Wrong email address or username
Wrong email address or username
Incorrect verification code
back to top
Search tags: Jasper-Fforde
Load new posts () and activity
Like Reblog Comment
show activity (+)
text 2020-05-22 17:24
#FridayReads - 5.22.2020
Lost in a Good Book - Jasper Fforde
Few Eggs and No Oranges: The Diaries of Vere Hodgson 1940-45 - Vere Hodgson,Jenny Hartley
Jane And Prudence (VMC) - Barbara Pym,Jilly Cooper

Currently reading:


Lost in a Good Book: I think that I am almost done with Lost in a Good Book, although because it's an omnibus edition, I can't be sure. Things seem to be heading towards a resolution. I expect to finish in an hour or so.


With respect to this series - I'm pretty sure that this is the last of the Thursday Next books that I'm going to read. While I like the idea behind the book, I feel like they are a little too aggressively high-concept for me and I find myself frustrated with them. I do plan to return the omnibus, but will keep it in the back of my mind in case I decide to read The Well of Lost Plots.


A Few Eggs and No Oranges: I didn't make a lot of progress with this one this week. I read September and October of 1940, which is right in the middle of the London Blitz.


Being in the middle of a pandemic where some Americans are throwing tantrums like spoiled children over having to wear masks into stores and other public places, this is fascinating reading. We would not survive the Blitz. "Conservatives" would be whingeing about "muh riiiiiigths" as they all got us killed by refusing to put up some damn curtains. 


Jane and Prudence: I decided that I needed a dose of Pym, so this is next up. I have the VMC edition in paperback and all I've read so far is the introduction by Jilly Cooper.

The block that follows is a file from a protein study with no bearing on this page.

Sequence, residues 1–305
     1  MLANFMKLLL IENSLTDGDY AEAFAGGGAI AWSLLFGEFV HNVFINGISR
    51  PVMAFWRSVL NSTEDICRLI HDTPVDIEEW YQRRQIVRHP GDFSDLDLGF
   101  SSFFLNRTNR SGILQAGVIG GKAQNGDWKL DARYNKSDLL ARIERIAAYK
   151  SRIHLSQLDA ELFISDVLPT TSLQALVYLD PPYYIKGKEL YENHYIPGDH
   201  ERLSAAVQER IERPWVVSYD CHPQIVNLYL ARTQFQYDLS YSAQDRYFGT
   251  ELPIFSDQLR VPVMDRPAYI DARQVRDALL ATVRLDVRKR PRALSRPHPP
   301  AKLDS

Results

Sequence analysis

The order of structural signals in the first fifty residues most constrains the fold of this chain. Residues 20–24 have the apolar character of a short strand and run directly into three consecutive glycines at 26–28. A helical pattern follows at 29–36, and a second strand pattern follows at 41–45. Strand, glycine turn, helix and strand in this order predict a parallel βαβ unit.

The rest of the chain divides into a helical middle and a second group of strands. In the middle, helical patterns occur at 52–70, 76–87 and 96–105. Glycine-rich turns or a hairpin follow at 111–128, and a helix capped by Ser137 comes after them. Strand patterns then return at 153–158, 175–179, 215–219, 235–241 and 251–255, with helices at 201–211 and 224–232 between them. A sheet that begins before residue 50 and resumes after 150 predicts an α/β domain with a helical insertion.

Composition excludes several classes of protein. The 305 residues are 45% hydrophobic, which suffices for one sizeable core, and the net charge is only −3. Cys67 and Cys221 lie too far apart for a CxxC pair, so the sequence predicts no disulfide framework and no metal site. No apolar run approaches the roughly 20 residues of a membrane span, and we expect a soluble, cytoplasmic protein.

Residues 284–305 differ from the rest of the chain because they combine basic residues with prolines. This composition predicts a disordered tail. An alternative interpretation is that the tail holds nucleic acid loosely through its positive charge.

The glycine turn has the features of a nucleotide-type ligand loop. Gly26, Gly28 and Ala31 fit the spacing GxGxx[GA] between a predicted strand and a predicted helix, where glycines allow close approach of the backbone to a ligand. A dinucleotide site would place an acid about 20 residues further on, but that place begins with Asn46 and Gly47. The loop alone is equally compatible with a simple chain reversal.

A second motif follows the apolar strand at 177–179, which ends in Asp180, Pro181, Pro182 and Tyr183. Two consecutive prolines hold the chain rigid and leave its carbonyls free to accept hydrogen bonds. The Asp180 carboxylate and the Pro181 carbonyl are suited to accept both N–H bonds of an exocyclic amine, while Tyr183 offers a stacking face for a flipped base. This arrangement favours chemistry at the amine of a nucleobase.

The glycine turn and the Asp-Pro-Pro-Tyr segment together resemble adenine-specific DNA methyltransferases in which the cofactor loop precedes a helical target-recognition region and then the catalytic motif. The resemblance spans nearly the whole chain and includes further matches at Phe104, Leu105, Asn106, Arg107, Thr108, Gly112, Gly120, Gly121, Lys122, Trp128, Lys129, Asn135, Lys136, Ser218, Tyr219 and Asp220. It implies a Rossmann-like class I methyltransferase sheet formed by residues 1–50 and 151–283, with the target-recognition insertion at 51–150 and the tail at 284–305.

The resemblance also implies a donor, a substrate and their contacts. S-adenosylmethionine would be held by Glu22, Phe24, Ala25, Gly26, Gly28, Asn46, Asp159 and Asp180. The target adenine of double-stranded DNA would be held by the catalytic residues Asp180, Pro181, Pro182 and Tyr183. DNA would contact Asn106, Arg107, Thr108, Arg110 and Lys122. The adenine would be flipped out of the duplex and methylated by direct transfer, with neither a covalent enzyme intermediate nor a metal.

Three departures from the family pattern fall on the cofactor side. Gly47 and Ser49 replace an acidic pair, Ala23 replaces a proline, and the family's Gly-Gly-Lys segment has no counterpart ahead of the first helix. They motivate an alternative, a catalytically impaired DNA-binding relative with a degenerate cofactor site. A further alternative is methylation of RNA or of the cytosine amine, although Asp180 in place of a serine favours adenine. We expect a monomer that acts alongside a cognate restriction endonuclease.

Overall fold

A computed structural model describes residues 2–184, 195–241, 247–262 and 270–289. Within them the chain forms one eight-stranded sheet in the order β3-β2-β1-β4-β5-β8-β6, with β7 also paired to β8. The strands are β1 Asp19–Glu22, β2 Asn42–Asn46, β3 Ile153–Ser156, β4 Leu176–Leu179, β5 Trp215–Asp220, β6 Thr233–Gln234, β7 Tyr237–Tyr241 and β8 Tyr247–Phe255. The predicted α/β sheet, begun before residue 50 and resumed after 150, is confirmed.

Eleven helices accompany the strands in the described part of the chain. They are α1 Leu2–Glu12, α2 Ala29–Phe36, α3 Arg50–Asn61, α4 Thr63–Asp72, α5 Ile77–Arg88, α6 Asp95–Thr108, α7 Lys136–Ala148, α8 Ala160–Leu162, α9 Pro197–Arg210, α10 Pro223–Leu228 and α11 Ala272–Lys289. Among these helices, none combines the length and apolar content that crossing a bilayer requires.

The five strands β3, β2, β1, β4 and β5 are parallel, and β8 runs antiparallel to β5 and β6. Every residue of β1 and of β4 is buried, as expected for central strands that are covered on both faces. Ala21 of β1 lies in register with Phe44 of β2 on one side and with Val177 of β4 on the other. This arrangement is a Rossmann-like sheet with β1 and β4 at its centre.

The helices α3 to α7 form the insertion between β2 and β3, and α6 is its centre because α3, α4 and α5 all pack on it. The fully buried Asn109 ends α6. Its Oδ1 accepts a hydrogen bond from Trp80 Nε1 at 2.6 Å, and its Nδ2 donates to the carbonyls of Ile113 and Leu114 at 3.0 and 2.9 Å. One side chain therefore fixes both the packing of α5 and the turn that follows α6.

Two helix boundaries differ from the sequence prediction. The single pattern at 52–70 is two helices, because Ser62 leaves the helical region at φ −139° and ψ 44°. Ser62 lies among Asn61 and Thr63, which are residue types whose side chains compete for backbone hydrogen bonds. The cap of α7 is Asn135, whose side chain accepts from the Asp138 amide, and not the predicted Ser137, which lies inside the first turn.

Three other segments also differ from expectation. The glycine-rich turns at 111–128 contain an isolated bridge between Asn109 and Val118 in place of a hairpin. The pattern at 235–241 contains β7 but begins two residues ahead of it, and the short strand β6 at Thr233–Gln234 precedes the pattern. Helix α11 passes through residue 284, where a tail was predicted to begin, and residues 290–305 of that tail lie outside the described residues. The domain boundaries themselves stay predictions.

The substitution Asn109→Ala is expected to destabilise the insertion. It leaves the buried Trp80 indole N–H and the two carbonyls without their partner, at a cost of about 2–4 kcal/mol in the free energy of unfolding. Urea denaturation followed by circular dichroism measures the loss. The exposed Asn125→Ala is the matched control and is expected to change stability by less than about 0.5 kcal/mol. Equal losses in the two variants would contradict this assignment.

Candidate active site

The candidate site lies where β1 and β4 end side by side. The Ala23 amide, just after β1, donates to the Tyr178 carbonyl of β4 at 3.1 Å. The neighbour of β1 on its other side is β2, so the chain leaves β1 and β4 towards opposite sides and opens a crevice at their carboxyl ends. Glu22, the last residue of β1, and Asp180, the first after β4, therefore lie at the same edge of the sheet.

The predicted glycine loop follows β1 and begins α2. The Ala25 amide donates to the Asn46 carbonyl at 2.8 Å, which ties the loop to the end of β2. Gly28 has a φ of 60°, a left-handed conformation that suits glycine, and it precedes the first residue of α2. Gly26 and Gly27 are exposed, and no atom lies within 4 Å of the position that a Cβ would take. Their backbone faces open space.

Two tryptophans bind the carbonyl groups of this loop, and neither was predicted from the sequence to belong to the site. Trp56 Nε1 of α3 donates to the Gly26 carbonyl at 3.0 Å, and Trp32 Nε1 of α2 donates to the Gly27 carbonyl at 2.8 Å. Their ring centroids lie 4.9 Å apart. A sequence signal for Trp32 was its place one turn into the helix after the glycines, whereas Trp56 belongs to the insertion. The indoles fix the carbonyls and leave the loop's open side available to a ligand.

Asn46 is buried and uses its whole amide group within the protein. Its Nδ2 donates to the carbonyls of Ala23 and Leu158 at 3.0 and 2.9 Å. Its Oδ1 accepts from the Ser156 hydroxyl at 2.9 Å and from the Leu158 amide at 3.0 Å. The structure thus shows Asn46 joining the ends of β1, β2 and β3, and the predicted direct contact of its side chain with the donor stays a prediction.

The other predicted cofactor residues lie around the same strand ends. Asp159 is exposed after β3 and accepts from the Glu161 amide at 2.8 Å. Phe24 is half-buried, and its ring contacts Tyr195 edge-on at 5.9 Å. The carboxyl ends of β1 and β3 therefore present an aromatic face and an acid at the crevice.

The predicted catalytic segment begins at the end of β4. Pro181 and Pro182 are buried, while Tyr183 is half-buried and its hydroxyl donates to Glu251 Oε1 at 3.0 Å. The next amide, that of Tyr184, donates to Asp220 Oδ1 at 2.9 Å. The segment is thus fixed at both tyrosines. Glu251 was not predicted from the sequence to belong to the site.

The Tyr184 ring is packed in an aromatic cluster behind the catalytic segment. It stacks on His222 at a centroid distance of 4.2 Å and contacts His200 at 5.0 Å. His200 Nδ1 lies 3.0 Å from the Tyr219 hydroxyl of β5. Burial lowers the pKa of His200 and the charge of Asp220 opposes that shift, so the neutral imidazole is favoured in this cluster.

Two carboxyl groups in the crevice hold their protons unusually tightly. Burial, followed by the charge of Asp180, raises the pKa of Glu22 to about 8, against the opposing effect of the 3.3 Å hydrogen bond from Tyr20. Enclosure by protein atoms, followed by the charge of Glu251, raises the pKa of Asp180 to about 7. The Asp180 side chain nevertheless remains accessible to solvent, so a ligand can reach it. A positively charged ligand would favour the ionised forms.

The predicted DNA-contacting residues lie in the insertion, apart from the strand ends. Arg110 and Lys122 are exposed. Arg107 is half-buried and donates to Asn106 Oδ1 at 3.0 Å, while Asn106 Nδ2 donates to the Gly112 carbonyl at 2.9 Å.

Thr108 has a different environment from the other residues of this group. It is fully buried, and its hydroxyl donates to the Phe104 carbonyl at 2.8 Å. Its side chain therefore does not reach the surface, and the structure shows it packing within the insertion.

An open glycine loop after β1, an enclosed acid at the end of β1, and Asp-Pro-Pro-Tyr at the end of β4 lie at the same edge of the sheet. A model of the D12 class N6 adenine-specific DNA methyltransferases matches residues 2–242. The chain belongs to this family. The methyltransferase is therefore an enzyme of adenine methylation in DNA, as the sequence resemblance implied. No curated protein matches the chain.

I do have a three day weekend coming up, so I'm definitely going to need to add at least one more book to the plans. I'm trying to settle on my next Christie reread. On my ATVL blog, I reposted a bunch of Heyer reviews for #Throwback Thursday, so I'm also considering diving into my Heyer digital collection and reading one of her regencies! I also have a digital copy of Tey's The Man in the Queue, which is in consideration.


Like Reblog Comment
show activity (+)
text 2020-05-15 17:28
#FridayReads 5.15.2020
Mrs. McGinty's Dead - Agatha Christie
Lost in a Good Book - Jasper Fforde
Few Eggs and No Oranges: The Diaries of Vere Hodgson 1940-45 - Vere Hodgson,Jenny Hartley
The Body in the Dumb River - George Bellairs

I have four books on the go right now, although at least two of them are nearly finished.



Mrs. McGinty's Dead: This is another one that I started last weekend and then got sidetracked away from - it's the most recent book on my Christie comfort reread. It's one of Ariadne Oliver's most delightful appearances in print, and that makes it a fun reread. Poirot leaves London for this one, and makes an early appearance in the action. There are some other fun side-characters, including Mrs. Summerhayes, who is a bit of a hoot. I'm again quite a ways into this one, and it won't take long to finish.


Lost In A Good Book: I just started this one on my kindle - I have an omnibus edition checked out from my library, and I'll likely only read this one right now. I enjoyed the first Thursday Next book by Jasper Fforde, so when I saw the omnibus available on Overdrive, I decided to read book 2.


A Few Eggs and No Oranges: I bought this Persephone edition a few months ago and I've been making my way through it rather slowly. It's quite a long book at 590 pages, and I find that it works well to read a week or two, or maybe a month, at a time. As I'm not worried about speed-finishing this one, you'll likely see it on my Friday Reads for quite sometime. The book itself is the diary of Vere Hodgson, a Londoner who worked for a Notting Hill Gate charity during the war, and who survived the London Blitz. She is described as sparky and unflappable.


The Body in the Dumb River: I've been reading this one for too long at this point - I started it last weekend and then set it aside for some other books at about the 1/3 mark. It won't take long to finish, so it's first up for the weekend. It was originally published in 1961, and I am reading the British Library Crime Classics series reprint pictured. The cover is just as lovely in person.


That should take care of most, if not all of my weekend!

Like Reblog Comment
show activity (+)
text 2020-04-18 16:33
Weird but oddly familiar....
The Constant Rabbit - Jasper Fforde